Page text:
HONOLULU.- The Contemporary Museum presents internationally-recognized American artist Jenny Holzer. Jenny Holzer, known for her sociallyand politicallycharged works, rose to prominence in the international art world during the 1980s. Holzer uses and words as her images and language as her medium. Employing such diverse surfaces as posters, t-shirts, plaques, stone benches, and her signature LED (light-emitting diode) electronic display boards, as well as her monumental nighttime scrolling film projections on buildings and landscape, Holzers texts range from deadpan aphorisms to meditations on the human condition.
The exhibition comprises a selection of Holzer's recent 2005-2006 Redaction series paintings, which debuted in New York in spring 2006 and are being shown for the first time in a museum at The Contemporary Museum. In these works, which derive from declassified government and military documents obtained from the National Security Archive (NSA), created through the use of Freedom of Information Act, the artist negotiates the political landscape after 9/11 and traces the debate over the practice of intelligence and counterintelligence, including issues of prisoner/detainee abuse, and the ongoing tragedies of war in Afghanistan and Iraq.
As with her previous works, Holzer's relay of information and presentation of a range of voices presume no particular ideology. The Redaction paintings (redaction means to edit and make ready for publication) lend tactility to documents often unseen and offer visibility to hidden pasts and a masked present. The beginning of the war will be secret announces one of Holzers better-known text pieces in the generically titled series, Truisms. The evidence presented in Holzers most recent paintings bears that assertion out.
Among the Redaction paintings that will be on view is BIG HANDS YELLOW WHITE reproducing hand prints from the Department of Defense in which the censors have inked out the traces of individual identity, leaving blocks of black ink that become generalized blocky shapes of a left hand and a right hand. A particularly revealing and resonant work, PHOENIX GREEN WHITE, reproduces the famous Phoenix memo sent from the Phoenix, Arizona FBI office to the counterterrorism division in Washington, D.C. and dated July 10, 2001, just two months before the attacks on the World Trade Center and the Pentagon. The memo advises the FBI of the possibility of a coordinated effort by Usama Bin Laden (UBL) to send students to the U.S. to attend civil aviation schools. A group of paintings in the exhibition comprise a grid of autopsy reports in which the frequent deaths of prisoners are dutifully analyzed and registered by doctors from the Armed Services Institute of Pathology, often with the declaration Cause of Death: Homicide. As Requested and Several Days Ago derive from memos concerning suspected detainee abuse at Guantanamo Bay. As a Parent is a poignant a letter from a father in support of his soldier son who is charged with crimes and facing court martial.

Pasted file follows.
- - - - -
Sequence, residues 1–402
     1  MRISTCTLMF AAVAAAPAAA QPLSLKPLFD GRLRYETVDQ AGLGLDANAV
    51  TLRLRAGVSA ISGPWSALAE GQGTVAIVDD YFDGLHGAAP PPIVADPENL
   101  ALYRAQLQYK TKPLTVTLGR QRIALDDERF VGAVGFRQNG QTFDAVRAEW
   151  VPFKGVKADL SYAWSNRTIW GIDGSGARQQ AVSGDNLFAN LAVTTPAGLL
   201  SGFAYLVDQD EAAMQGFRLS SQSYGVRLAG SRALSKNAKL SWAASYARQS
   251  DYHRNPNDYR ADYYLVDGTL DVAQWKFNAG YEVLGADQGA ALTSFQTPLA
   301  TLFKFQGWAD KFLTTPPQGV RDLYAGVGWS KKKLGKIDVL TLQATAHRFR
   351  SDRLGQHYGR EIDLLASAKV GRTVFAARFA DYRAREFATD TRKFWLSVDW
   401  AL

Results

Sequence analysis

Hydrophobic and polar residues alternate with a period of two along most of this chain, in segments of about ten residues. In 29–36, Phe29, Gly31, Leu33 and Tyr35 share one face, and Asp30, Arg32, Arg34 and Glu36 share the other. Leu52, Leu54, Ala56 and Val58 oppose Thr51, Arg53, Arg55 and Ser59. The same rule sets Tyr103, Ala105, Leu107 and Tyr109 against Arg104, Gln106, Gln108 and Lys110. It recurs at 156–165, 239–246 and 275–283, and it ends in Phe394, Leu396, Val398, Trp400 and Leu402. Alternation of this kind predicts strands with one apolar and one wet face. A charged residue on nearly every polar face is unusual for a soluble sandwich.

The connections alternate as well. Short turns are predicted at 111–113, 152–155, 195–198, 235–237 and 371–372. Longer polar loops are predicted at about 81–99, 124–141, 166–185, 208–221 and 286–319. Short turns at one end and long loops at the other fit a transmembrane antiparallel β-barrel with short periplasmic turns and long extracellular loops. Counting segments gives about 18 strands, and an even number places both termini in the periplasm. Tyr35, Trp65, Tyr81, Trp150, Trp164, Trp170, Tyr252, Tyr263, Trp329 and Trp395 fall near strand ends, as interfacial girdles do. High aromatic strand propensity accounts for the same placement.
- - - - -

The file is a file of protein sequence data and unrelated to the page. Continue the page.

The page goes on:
The exhibition will also include a large installation of 48 multi-colored mini-LED panels scrolling texts from Holzer's series Truisms, Arno, Inflamatory Essays, Lustmord, Mother and Child, Laments, and Under a Rock, as well as three engraved white marble footstools, with texts from Holzers Survival Series.
Jenny Holzer was born July 29, 1950, in Gallipolis, Ohio. She received a B.F.A. in printmaking and painting from Ohio University, Athens, in 1972, and in 1975, she entered the M.F.A. painting program at the Rhode Island School of Design in Providence. While there, she began to introduce language into her work. Holzer moved to New York after earning her degree at R.I.S.D. in 1977, and enrolled in the Independent Study Program at the Whitney Museum of American Art, New York. That year, she began the investigation of means to disseminate her ideas within public space and created her first all-text works, the Truisms series, printing them on paper, which she pasted up anonymously around the city.
Holzer has been the recipient of several important awards, including the Blair Award, presented by the Art Institute of Chicago in 1982, and the Leone dOro award for best pavilion at the 44th Venice Biennale in 1990, and the Berlin Prize Fellowship from The American Academy in Berlin in 2000.
Her work has appeared in numerous solo exhibitions worldwide in prominent institutions such as the Guggenheim Museum in New York, the American pavilion at the Venice Biennale, the Institute of Contemporary Art London, the MAK in Vienna, and the Centre Pompidou in Paris. Holzer has created many public projects, among them a Truisms display on the Spectacolor Board in Times Square in 1982, sponsored by the Public Art Fund, and a series of public spots for MTV in 1989. Most recently, she was commissioned to create a large LED work for the lobby of the new Seven World Trade Center building.